8. If Time Is Not On Your Side

      For guests, there seems to be an abundance of time at a wedding; for the wedding party, there never seems to be quite enough! One of the biggest favors you can do for yourselves (and your guests) is to set a day-of events schedule. This will make sure that the wedding party is all on the same page, and it will also aid in the timeliness of your caterers/band/photographers etc. Having a schedule will also prevent a significant lull in time for guests while providing that nothing is left undone (first dances, cake cutting, garter toss, etc.). Your wedding can still have a laid-back feel (even with an agenda); the day doesn’t need to be planned down to the minute. You will likely find that the events ebb-and-flow within a half an hour (give or take) of the actual schedule; so some flexibility is key.

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      9. No Pictures Or Photos Of Bad Quality

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        Pictures are one of the most important takeaways from your big day, so make sure to plan accordingly. Hire a well reputed, notable photographer. This could be a family member, friend, or professional – just make sure that you and your fiance appreciate their style and are on-board with their work ethic. It would be a huge disappointment to have not enough pictures, poor-quality pictures, or stylistically unfavorable shots. Additionally, you can be sure that guests will be snapping pictures with their smartphones – and some of them will be great! Encourage guests to download an app like WedPics, which allows mobile users to upload and share their photos with the happy couple. When you are crafting the schedule for the day-of, make sure to allow for ample picture time. You’ll likely be around friends and family that you don’t often get to see, so make sure to snap a shot together.

        10. Ruining The Reception

        Ah, the reception. This token point of your wedding day will likely be most attendees’ favorite part. It’s also where guests will spend the majority of their time, so it’s essential to make sure that there are appropriate accommodations. If your reception is outside, ensure that there are restrooms available for guests (this could mean porta-potties) and that there is some form of shelter (as mentioned in the first point). There will be no such thing as too many trash cans- – aving to pick up after your guests sucks, so encourage them to do it themselves. Not everybody was born a dancing queen, so include plenty of auxiliary seating for those who wish to take a load off. As a newly-married couple, the reception is a perfect chance to make the rounds and greet all of the folks that made it a point to share your big day. Most importantly, the reception is your chance to soak up (and celebrate!) being married, with the people you care about the most – so make sure to live it up.

        Should you find yourself poised on the edge of a potential wedding disaster, allow these humble tips to talk you back from the edge. The most important part of your nuptials (after all) is marrying the person you love – after that, everything is gravy.

        Featured photo credit: greyerbaby via morguefile.com

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        Andrew Heikkila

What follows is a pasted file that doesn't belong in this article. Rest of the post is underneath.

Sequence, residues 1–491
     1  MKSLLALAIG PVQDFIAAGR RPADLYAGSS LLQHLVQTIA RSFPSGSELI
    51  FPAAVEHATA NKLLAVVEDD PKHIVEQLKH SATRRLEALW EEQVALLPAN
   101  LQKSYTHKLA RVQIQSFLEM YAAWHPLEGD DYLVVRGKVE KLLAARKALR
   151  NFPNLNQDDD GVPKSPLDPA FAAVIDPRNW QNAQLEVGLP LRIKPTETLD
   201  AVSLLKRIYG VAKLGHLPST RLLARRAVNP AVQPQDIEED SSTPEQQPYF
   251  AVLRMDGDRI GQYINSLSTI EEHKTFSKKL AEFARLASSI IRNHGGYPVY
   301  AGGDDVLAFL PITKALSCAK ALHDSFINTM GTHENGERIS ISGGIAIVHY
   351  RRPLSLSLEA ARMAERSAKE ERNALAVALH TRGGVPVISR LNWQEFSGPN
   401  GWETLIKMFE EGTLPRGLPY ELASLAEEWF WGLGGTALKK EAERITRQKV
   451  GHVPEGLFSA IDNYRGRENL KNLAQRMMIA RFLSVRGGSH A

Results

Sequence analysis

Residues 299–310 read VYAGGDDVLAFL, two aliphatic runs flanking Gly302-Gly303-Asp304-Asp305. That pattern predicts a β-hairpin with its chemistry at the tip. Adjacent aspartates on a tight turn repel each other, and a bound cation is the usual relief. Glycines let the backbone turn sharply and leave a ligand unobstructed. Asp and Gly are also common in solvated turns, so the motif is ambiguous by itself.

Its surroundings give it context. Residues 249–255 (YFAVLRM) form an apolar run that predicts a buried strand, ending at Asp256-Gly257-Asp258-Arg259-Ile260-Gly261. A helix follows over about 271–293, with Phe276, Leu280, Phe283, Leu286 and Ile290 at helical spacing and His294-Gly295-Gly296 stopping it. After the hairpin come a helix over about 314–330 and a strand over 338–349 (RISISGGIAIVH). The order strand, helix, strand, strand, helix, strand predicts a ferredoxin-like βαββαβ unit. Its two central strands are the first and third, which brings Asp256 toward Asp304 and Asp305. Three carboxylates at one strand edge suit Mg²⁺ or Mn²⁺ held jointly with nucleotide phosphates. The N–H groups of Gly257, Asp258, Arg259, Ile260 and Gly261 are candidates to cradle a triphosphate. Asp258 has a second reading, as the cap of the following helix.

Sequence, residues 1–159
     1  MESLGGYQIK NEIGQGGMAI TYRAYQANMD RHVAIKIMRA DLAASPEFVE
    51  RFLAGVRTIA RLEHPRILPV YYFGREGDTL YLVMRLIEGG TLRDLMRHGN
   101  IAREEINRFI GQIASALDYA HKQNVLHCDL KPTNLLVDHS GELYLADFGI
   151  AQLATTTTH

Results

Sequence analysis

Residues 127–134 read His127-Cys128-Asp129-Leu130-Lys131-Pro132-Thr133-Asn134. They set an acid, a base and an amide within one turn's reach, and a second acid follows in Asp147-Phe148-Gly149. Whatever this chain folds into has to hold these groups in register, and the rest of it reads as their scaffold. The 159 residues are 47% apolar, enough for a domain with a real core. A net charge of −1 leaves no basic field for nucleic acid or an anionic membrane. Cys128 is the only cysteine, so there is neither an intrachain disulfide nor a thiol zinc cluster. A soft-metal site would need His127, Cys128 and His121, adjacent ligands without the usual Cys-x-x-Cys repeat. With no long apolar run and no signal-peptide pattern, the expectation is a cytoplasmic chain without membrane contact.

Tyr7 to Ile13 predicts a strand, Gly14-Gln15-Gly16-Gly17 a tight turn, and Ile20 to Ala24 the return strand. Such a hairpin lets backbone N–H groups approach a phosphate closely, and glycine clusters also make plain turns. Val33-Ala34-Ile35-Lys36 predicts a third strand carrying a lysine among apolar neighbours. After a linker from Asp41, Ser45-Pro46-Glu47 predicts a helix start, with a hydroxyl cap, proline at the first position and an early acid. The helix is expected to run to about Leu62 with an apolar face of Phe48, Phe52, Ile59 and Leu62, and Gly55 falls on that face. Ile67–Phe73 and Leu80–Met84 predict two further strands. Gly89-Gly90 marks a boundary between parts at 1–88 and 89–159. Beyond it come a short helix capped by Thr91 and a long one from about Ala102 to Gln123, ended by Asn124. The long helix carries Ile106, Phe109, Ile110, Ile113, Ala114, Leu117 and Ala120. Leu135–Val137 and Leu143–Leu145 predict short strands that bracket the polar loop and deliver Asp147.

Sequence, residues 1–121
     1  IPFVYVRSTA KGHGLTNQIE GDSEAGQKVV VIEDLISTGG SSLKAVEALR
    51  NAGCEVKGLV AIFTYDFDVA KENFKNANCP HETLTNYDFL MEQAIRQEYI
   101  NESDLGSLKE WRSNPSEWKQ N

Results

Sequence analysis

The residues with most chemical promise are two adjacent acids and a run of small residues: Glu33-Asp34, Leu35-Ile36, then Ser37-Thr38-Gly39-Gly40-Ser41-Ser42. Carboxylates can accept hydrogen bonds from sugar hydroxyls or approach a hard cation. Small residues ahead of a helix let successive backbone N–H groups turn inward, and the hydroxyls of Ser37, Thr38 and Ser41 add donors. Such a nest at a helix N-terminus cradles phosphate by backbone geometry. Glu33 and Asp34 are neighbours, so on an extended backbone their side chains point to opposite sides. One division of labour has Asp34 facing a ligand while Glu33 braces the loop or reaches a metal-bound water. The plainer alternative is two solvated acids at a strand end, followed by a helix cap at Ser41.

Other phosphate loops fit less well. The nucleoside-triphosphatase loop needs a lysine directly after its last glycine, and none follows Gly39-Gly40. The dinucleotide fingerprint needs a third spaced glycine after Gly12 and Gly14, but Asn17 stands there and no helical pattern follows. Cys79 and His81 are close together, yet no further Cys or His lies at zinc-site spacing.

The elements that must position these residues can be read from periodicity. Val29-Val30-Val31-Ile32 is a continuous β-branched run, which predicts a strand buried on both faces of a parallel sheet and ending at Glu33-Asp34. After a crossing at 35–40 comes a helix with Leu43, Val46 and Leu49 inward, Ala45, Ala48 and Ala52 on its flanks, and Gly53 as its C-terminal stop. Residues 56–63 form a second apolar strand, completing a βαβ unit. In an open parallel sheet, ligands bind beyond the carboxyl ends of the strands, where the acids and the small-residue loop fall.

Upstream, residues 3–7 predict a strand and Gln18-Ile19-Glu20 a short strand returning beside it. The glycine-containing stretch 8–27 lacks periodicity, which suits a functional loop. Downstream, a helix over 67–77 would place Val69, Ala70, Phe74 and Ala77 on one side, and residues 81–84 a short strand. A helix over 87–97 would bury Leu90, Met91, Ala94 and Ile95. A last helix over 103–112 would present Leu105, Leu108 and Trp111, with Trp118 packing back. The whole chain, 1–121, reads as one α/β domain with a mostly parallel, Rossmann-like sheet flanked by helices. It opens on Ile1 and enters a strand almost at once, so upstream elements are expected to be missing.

Owner-Operator of Earthlings Entertainmnet

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        Last Updated on February 11, 2021

        Easily Misunderstood by Others? 6 Barriers You Should Overcome to Make Communication Less Frustrating

        Easily Misunderstood by Others? 6 Barriers You Should Overcome to Make Communication Less Frustrating

        How often have you said something simple, only to have the person who you said this to misunderstand it or twist the meaning completely around? Nodding your head in affirmative? Then this means that you are being unclear in your communication.

        Communication should be simple, right? It’s all about two people or more talking and explaining something to the other. The problem lies in the talking itself, somehow we end up being unclear, and our words, attitude or even the way of talking becomes a barrier in communication, most of the times unknowingly. We give you six common barriers to communication, and how to get past them; for you to actually say what you mean, and or the other person to understand it as well…

        The 6 Walls You Need to Break Down to Make Communication Effective

        Think about it this way, a simple phrase like “what do you mean” can be said in many different ways and each different way would end up “communicating” something else entirely. Scream it at the other person, and the perception would be anger. Whisper this is someone’s ear and others may take it as if you were plotting something. Say it in another language, and no one gets what you mean at all, if they don’t speak it… This is what we mean when we say that talking or saying something that’s clear in your head, many not mean that you have successfully communicated it across to your intended audience – thus what you say and how, where and why you said it – at times become barriers to communication.[1]

        Perceptual Barrier

        The moment you say something in a confrontational, sarcastic, angry or emotional tone, you have set up perceptual barriers to communication. The other person or people to whom you are trying to communicate your point get the message that you are disinterested in what you are saying and sort of turn a deaf ear. In effect, you are yelling your point across to person who might as well be deaf![2]

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        The problem: When you have a tone that’s not particularly positive, a body language that denotes your own disinterest in the situation and let your own stereotypes and misgivings enter the conversation via the way you talk and gesture, the other person perceives what you saying an entirely different manner than say if you said the same while smiling and catching their gaze.